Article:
I ran across an interesting pair of articles concerning academic journal indexes—a complaint about the journals’ expense and inaccessibility by Laura McKenna in The Atlantic, and a rebuttal pointing out a number of errors and misconceptions in McKenna’s article by Nancy Sims of the University of Minnesota Libraries on her blog.
At the heart of McKenna’s complaint is the often outlandish pricing for individual articles found on some of these journals, such as JSTOR. She brings up the example of a charge of $38 for a 12-page article. McKenna posts an explanation for this state of affairs that involves publishers selling rights to academic articles to index services, which then sell the articles themselves back to universities. Sims points out this is an oversimplification, and that McKenna is imputing for-profit status to some entities that are actually non-profits.
How could we make this academic research more accessible to the public? The challenge is finding a way to get research on the web by bypassing the publisher/JSTOR nexus. If academic journals skipped that needless step of providing a print version of their journals, they could stop this cycle. They could simply upload the papers to a website and take the publishers out of the process.
I think I’ve pretty much fully addressed the misconception of a "publisher/JSTOR nexus", but wanted to point out that continuing to provide print access is not the thing that’s hanging up this dysfunctional cycle. Online-only access carries plenty of costs of its own. The non-profit open access publisher PLoS charges a publication fee of couple thousand dollars an article to underwrite only some of their costs. Many institutions or grants underwrite open access publishing fees or even whole open access publications, though. In the long-run, the costs are much lower to institutions than when subsidizing commercial profits.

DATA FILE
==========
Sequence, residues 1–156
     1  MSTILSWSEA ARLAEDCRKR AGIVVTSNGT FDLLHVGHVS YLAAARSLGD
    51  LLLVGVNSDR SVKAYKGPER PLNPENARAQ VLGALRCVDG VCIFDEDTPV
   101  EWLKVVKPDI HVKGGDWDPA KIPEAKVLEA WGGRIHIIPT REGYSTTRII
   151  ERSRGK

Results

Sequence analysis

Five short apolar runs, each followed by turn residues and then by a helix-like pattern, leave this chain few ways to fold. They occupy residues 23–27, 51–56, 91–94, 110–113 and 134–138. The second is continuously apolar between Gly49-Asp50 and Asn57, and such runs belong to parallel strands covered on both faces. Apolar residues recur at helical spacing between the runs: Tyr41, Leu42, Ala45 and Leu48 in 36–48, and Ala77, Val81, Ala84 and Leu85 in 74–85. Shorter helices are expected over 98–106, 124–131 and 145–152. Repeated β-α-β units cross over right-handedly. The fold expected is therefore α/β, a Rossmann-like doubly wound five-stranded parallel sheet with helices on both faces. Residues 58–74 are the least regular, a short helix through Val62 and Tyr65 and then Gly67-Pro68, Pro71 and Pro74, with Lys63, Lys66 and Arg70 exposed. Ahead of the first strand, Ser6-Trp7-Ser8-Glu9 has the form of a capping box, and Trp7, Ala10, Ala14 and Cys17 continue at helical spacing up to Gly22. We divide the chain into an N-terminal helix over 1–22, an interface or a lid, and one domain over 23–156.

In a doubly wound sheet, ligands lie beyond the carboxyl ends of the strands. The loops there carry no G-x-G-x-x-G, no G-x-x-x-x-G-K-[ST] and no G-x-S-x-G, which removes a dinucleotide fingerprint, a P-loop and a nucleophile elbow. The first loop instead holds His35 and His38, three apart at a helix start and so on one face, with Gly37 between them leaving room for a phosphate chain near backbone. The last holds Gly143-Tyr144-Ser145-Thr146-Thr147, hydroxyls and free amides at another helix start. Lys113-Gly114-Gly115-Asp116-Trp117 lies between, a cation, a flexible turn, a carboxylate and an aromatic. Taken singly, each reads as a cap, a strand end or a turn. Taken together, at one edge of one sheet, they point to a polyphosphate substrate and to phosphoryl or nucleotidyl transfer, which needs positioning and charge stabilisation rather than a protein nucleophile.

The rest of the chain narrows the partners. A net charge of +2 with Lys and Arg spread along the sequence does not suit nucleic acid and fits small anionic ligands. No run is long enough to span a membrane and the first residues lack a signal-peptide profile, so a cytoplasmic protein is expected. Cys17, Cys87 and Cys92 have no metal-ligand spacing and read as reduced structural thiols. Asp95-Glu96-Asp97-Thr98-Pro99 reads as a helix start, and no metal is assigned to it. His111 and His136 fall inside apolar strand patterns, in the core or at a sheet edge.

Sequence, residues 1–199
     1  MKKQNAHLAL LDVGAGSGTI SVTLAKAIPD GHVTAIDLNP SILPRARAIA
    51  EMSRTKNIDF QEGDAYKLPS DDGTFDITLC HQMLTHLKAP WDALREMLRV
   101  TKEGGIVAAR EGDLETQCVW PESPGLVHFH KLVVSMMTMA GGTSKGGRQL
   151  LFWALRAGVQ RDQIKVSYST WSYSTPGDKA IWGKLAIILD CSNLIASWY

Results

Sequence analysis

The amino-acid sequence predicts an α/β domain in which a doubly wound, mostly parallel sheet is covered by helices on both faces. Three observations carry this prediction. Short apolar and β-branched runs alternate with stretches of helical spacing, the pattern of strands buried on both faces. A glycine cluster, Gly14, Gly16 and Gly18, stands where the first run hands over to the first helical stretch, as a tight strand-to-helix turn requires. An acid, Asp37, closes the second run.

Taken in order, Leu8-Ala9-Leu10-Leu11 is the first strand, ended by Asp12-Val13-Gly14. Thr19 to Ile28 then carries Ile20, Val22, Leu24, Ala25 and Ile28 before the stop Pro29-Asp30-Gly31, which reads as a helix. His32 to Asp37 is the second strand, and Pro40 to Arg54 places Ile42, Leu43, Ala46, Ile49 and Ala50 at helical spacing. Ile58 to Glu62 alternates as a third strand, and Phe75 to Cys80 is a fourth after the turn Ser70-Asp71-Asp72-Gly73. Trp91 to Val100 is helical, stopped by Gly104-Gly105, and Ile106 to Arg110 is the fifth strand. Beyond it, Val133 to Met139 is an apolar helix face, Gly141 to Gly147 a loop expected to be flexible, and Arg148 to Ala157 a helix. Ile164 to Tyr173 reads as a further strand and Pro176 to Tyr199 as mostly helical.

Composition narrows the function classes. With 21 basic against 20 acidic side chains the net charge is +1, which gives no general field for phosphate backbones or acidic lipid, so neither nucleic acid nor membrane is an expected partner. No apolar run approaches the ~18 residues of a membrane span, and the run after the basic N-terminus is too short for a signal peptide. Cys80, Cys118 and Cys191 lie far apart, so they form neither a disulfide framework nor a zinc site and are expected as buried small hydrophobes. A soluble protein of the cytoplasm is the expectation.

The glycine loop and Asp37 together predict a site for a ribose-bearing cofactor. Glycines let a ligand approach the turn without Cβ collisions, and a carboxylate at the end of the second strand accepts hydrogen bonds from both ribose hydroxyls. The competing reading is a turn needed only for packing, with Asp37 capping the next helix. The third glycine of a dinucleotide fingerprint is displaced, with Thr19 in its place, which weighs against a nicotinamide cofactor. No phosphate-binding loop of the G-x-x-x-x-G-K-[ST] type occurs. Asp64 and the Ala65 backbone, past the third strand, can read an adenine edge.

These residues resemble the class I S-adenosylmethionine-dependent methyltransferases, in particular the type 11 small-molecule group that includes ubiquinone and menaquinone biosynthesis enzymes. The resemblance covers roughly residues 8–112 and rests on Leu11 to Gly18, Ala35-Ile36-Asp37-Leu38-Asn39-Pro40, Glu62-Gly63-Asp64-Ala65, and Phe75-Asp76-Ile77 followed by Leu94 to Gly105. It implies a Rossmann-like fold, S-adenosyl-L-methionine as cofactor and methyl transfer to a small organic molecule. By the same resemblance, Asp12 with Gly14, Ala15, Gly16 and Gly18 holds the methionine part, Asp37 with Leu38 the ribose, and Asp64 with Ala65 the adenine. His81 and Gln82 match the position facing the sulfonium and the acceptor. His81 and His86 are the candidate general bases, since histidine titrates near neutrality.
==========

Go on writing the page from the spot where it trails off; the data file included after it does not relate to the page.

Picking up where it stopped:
Sims points out that, while JSTOR does have some problems, it is actually one of the better elements of the current academic publishing landscape. There is room for improvement overall, and there are many people already trying to reform the system. But the academic publishing system is not as simple as it looks, and complicated systems take time and effort to change.
I wonder just how much of this stems from people accustomed to the ease of finding things on the Internet being exposed to the less user-friendly nature of academic indexes? I was using indexes well before the World Wide Web, thanks to the systems at my local college library, and they took some getting used to. Many of them didn’t store text at all, but just told what issue of a magazine the article you wanted was in, and then you had to go to microfilm to find the actual citation.
Now the Internet has become a lot easier to find stuff you want (thanks in no small part to Google), but indexes have stayed about the same. Perhaps when people are used to getting stuff fast and free, costly and tricky-to-navigate systems seem that much more offensive. (This might also be why most paywall implementations run into trouble.)
Regardless, I’m sure that sooner or later the net’s simplifying influences will reach into academic publishing as well. It’s just a matter of time.
(Found via BoingBoing.)